Transgender(ed)

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[This is a guest posting by Larry [Laurence] Horn (of Yale), taken, with his permission, from a posting he made today on the American Dialect Society mailing list. If you comment on it, remember that these are his words, not mine.]

In the first paragraph of a letter to the editor in this weekend's NYT Magazine, a writer offers the following grammatical argument against the use of transgendered:

We transgender people are not "transgendered," a word that makes it sound like something has happened to us, rather than reflecting something we innately are. You wouldn't say someone was "gayed" or "homosexualed." Only verbs are transformed into participles by adding "-ed," and "transgender" is an adjective, not a verb.

The issue brought up by your questioner is a ticklish one for us: the ignorance of the general population as to what transgender people are like (hint: just like everybody else, with an important difference, much like gay people) makes us hesitant to out ourselves right off the bat (unless the object of the date is a purely sexual one), because it tends to distract others from seeing us as real people, as opposed to god-knows-what sort of stereotype. The idea that we are trying to deceive anyone is as ridiculous as it is offensive: you do not start out trying to fool someone that you have an interest in getting to know better. As you rightly point out, you don't blurt out everything on a first date.

BRIDGET SMITH
San Francisco

The problem is that the claim that "only verbs are transformed into participles by adding -ed" is untenable, as decades of studies on participial formations have shown. There are, for example, "un-passives" where there is no extant corresponding verb (or no relevant one); to say that Antarctica is uninhabited is not to presuppose that someone (maybe penguins?) first managed to uninhabit that continent. There are adjectives like blue-eyed, one-armed, and such with no corresponding verbs.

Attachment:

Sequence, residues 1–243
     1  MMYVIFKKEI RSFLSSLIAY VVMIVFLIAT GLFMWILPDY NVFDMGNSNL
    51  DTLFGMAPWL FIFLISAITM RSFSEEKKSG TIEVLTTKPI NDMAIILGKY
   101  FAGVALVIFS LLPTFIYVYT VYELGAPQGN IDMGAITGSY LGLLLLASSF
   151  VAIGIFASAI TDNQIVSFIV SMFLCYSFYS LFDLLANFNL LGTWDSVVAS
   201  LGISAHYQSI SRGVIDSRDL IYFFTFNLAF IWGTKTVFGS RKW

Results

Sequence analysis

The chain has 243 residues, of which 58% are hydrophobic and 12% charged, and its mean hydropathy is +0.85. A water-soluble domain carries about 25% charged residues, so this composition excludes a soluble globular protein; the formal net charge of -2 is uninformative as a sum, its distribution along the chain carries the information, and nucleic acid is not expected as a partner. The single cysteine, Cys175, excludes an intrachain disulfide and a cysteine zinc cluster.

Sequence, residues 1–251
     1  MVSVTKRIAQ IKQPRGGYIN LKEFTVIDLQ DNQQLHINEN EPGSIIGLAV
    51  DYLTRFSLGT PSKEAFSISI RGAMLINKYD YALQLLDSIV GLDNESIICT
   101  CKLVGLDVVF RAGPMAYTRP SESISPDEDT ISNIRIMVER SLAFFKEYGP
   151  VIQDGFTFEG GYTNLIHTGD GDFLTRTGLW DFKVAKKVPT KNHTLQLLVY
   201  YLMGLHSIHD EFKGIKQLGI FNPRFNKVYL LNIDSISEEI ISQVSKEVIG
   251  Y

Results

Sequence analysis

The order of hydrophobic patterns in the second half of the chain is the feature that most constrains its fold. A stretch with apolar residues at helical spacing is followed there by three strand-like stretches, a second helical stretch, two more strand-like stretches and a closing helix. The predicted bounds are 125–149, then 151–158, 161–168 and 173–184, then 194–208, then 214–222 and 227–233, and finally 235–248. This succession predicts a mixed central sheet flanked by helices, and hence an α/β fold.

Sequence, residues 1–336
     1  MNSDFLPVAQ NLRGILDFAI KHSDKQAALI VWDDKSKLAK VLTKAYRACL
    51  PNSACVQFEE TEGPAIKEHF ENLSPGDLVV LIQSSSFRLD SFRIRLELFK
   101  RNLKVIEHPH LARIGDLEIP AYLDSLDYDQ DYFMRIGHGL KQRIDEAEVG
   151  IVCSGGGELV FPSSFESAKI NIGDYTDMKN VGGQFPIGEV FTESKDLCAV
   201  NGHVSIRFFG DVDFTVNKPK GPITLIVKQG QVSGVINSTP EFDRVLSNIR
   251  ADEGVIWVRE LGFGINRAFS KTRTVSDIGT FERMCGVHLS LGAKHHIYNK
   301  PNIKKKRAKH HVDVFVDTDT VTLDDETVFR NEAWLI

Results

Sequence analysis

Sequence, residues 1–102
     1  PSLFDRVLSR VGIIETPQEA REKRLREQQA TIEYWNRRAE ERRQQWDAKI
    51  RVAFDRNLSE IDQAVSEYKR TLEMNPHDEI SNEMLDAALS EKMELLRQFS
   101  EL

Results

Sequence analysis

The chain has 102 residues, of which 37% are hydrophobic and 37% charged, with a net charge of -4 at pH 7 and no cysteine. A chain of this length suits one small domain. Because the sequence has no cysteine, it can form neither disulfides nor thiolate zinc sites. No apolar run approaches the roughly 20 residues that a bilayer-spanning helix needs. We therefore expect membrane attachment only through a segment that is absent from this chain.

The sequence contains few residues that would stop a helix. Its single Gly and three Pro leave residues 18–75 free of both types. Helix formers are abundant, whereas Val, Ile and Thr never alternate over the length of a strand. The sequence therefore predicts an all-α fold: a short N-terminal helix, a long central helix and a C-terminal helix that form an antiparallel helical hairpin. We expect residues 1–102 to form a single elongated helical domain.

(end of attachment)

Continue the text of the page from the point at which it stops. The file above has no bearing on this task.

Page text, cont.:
Even in the case under discussion, it's true that there's no relevant verb to transgender, but then if we speak of someone as "highly sexed", there's no suggestion that someone first (highly?) sexed them; similarly for oversexed, undersexed, differently-abled,… Gendered itself is used in a lot of formations with no obvious verb source: gendered language/space/institutions/media…

I remember an old paper… let's see, yes, it's

Hirtle, W. H. (1970). -ed Adjectives Like 'Verandahed' and 'Blue-eyed'. Journal of Linguistics 6.19-36.

…that treats some of these cases. One interesting property is the need in many cases for modification: blue-eyed, one-eyed, even two-eyed (in a contrastive context) are all fine, but eyed doesn't seem to occur with the same (possessive, non-verbal) sense; similarly legged, haired, breasted,… (These are worse than Gricean pragmatics alone would predict.)

If transgendered is to be ruled out, it may be because it's blocked or pre-empted by adjectival transgender; note that "same-sexed couple" or "opposite-sexed couple" (or "mixed-sexed couple") don't work as well as "highly sexed", presumably because of blocking by adjectival same-sex, opposite-sex, mixed-sex.

The writer's comparison with *gayed and *homosexualed is also misleading because those are formed from adjectives, while transgendered, like blue-eyed or verandahed, does allow the -ed to attach to a noun, which seems to work better. In fact, while "opposite-sexed couple" sounds pretty bad, as noted, I find that "heterosexualed couple" sounds worse.

Well, OK, Ms. Smith probably isn't a linguist, and her point is otherwise well-taken; indeed, transgendered may indeed suggest that someone did something to bring that state of affairs about.

Maybe they should run letters to the Magazine by Ben first.



67 Comments

  1. empty said,

    July 25, 2010 @ 12:10 am

    Of course in one sense "transgendered" is no more wrong than "blue-eyed" or "long-limbed". On the other hand, that doesn't mean that the transgender community's insistence on the one word rather than the other is baseless or that anyone is right to trying to argue with it. I am guessing that part of what offends about the -ed form is the knowledge that many who don't know much about transgender matters do not distinguish between "identifies self as opposite gender" and "gets a 'sex-change' operation".